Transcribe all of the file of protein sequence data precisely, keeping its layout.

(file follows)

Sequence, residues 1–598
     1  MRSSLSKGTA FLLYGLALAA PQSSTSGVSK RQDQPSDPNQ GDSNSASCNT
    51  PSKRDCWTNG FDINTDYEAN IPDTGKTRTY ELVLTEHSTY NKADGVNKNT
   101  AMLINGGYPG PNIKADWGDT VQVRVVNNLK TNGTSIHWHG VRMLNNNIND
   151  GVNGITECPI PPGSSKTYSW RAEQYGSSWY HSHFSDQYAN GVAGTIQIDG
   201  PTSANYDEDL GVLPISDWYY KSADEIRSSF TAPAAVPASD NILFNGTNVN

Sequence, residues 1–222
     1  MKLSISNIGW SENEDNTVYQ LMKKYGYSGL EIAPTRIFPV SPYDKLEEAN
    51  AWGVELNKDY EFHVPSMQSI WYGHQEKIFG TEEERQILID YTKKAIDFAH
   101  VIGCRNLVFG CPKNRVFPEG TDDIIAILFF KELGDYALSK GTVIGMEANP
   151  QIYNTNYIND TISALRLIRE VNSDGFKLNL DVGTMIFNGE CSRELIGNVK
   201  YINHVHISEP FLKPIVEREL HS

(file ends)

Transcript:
Sequence, residues 1–598
     1  MRSSLSKGTA FLLYGLALAA PQSSTSGVSK RQDQPSDPNQ GDSNSASCNT
    51  PSKRDCWTNG FDINTDYEAN IPDTGKTRTY ELVLTEHSTY NKADGVNKNT
   101  AMLINGGYPG PNIKADWGDT VQVRVVNNLK TNGTSIHWHG VRMLNNNIND
   151  GVNGITECPI PPGSSKTYSW RAEQYGSSWY HSHFSDQYAN GVAGTIQIDG
   201  PTSANYDEDL GVLPISDWYY KSADEIRSSF TAPAAVPASD NILFNGTNVN

Sequence, residues 1–222
     1  MKLSISNIGW SENEDNTVYQ LMKKYGYSGL EIAPTRIFPV SPYDKLEEAN
    51  AWGVELNKDY EFHVPSMQSI WYGHQEKIFG TEEERQILID YTKKAIDFAH
   101  VIGCRNLVFG CPKNRVFPEG TDDIIAILFF KELGDYALSK GTVIGMEANP
   151  QIYNTNYIND TISALRLIRE VNSDGFKLNL DVGTMIFNGE CSRELIGNVK
   201  YINHVHISEP FLKPIVEREL HS